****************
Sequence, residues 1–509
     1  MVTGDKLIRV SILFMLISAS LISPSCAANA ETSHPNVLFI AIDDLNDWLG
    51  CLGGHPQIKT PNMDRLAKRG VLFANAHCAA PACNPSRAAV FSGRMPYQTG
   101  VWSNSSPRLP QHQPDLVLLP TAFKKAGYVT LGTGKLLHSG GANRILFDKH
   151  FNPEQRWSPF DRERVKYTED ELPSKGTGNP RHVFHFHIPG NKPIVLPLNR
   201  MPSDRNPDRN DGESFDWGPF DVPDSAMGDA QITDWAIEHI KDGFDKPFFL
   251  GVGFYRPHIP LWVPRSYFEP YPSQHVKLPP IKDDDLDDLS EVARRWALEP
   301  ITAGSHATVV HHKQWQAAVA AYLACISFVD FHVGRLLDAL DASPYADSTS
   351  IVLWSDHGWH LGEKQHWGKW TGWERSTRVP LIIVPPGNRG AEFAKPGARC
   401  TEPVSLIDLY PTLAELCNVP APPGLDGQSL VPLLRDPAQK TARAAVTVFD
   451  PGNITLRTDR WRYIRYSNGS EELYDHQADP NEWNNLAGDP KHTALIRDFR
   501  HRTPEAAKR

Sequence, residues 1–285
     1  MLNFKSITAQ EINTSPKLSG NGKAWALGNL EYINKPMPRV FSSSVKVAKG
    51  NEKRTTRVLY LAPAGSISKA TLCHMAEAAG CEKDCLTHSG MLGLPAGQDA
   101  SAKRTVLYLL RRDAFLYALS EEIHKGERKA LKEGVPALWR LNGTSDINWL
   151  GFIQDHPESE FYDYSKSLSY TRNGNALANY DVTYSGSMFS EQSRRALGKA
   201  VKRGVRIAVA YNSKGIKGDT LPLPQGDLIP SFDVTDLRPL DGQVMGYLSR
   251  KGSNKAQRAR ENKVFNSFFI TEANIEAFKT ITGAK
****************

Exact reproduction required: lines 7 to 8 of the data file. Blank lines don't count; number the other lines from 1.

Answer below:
   251  GVGFYRPHIP LWVPRSYFEP YPSQHVKLPP IKDDDLDDLS EVARRWALEP
   301  ITAGSHATVV HHKQWQAAVA AYLACISFVD FHVGRLLDAL DASPYADSTS